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In Vivo Toxicity Studies of Metal and Metal Oxide Nanoparticles

Systems Toxicology

Nanotechnology

  1. Andrea Adamcakova-Dodd1,
  2. Peter S. Thorne2,
  3. Vicki H. Grassian3,4

Published Online: 15 SEP 2011

DOI: 10.1002/9780470744307.gat244

General, Applied and Systems Toxicology

General, Applied and Systems Toxicology

How to Cite

Adamcakova-Dodd, A., Thorne, P. S. and Grassian, V. H. 2011. In Vivo Toxicity Studies of Metal and Metal Oxide Nanoparticles. General, Applied and Systems Toxicology. .

Author Information

  1. 1

    University of Iowa, Department of Occupational and Environmental Health, Iowa City, IA, USA

  2. 2

    University of Iowa, Department of Occupational and Environmental Health and Department of Civil and Environmental Engineering, Iowa City, IA, USA

  3. 3

    University of Iowa, Interdisciplinary Graduate Program in Human Toxicology, Iowa City, IA, USA

  4. 4

    University of Iowa, Department of Chemistry and Department of Chemical & Biochemical Engineering, Iowa City, IA, USA

Publication History

  1. Published Online: 15 SEP 2011

Abstract

Manufactured nanomaterials are in more than 1000 consumer products that contain some nanotechnology-based material on the market today. In the last five years there has been much effort put toward understanding the health effects associated with nanoparticle exposure. Toxicity assessment plays a significant role in this effort since human exposure can occur during production processes, handling, as well as their use and application. Although, though there is a large body of literature on “ultrafine particles” from a pulmonary exposure assessment, one should proceed with caution to expand this information to nanomaterials as we are still just at the beginning stages of their toxicity assessment. In this chapter, we consider the respiratory system as the main route of exposure to nanoparticles and we focus our attention mainly on metal-based nanomaterials and in vivo models used to evaluate them. We also discuss available data for other materials, since similar material properties whether size, shape, or chemical composition could lead to comparable toxicities and this will help in the development of screening strategies for nanomaterials that are very much warranted at this time.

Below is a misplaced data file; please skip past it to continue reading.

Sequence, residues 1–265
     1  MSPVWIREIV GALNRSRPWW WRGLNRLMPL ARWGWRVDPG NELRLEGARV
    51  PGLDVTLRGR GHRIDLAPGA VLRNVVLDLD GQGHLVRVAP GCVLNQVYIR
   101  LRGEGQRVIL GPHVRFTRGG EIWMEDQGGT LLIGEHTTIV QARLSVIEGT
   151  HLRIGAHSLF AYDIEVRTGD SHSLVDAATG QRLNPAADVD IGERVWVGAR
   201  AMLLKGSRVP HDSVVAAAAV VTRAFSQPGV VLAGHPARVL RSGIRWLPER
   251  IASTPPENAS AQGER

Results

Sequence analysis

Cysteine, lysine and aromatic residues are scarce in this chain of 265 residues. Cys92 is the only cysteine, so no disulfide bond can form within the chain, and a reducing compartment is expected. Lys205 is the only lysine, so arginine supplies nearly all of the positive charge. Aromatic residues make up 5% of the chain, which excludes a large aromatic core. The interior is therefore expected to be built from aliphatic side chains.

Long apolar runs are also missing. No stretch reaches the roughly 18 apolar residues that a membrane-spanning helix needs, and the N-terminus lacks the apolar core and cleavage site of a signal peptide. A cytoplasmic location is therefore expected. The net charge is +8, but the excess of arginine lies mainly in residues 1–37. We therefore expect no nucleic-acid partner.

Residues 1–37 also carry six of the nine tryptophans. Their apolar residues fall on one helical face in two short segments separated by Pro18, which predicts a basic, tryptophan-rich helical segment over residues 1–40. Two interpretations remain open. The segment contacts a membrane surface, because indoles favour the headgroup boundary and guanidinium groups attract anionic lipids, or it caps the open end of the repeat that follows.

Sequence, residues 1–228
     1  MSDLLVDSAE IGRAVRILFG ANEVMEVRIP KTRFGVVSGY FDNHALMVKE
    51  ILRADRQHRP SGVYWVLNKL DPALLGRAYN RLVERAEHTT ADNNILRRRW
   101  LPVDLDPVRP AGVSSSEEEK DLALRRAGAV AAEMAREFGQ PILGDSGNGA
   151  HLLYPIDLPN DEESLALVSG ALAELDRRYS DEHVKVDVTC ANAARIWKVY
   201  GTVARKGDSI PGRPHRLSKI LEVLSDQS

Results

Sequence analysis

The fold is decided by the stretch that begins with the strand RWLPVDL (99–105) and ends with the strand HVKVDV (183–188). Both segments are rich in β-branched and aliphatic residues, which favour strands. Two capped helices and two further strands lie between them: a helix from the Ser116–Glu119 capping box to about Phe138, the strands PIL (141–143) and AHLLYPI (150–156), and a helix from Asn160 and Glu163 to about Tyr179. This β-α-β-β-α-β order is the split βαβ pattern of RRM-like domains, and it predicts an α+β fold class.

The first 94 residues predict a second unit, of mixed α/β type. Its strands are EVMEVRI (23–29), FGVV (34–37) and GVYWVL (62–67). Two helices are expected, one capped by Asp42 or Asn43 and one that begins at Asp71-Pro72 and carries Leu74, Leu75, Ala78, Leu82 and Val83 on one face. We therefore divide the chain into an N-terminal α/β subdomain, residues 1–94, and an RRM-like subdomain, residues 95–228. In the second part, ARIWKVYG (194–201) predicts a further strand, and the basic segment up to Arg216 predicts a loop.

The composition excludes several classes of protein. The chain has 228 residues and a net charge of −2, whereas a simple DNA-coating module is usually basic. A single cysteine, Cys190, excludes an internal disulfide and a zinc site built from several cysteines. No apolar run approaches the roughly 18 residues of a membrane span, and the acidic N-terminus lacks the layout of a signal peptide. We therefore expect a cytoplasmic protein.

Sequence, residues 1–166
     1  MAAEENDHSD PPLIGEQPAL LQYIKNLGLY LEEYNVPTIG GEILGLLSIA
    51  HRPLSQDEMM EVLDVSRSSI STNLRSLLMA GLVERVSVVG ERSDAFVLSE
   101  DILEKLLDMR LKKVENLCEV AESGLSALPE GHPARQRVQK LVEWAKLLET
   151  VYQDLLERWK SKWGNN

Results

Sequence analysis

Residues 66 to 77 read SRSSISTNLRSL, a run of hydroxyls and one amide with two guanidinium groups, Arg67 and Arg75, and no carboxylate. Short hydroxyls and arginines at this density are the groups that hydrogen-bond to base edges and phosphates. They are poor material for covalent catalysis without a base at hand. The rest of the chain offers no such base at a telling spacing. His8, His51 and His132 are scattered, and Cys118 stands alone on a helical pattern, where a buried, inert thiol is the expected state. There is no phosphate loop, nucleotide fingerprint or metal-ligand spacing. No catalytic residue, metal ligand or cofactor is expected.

Keywords:

  • metal nanoparticles;
  • metal oxide nanoparticles toxicity;
  • inhalation;
  • instillation;
  • mouse model;
  • sub-acute exposure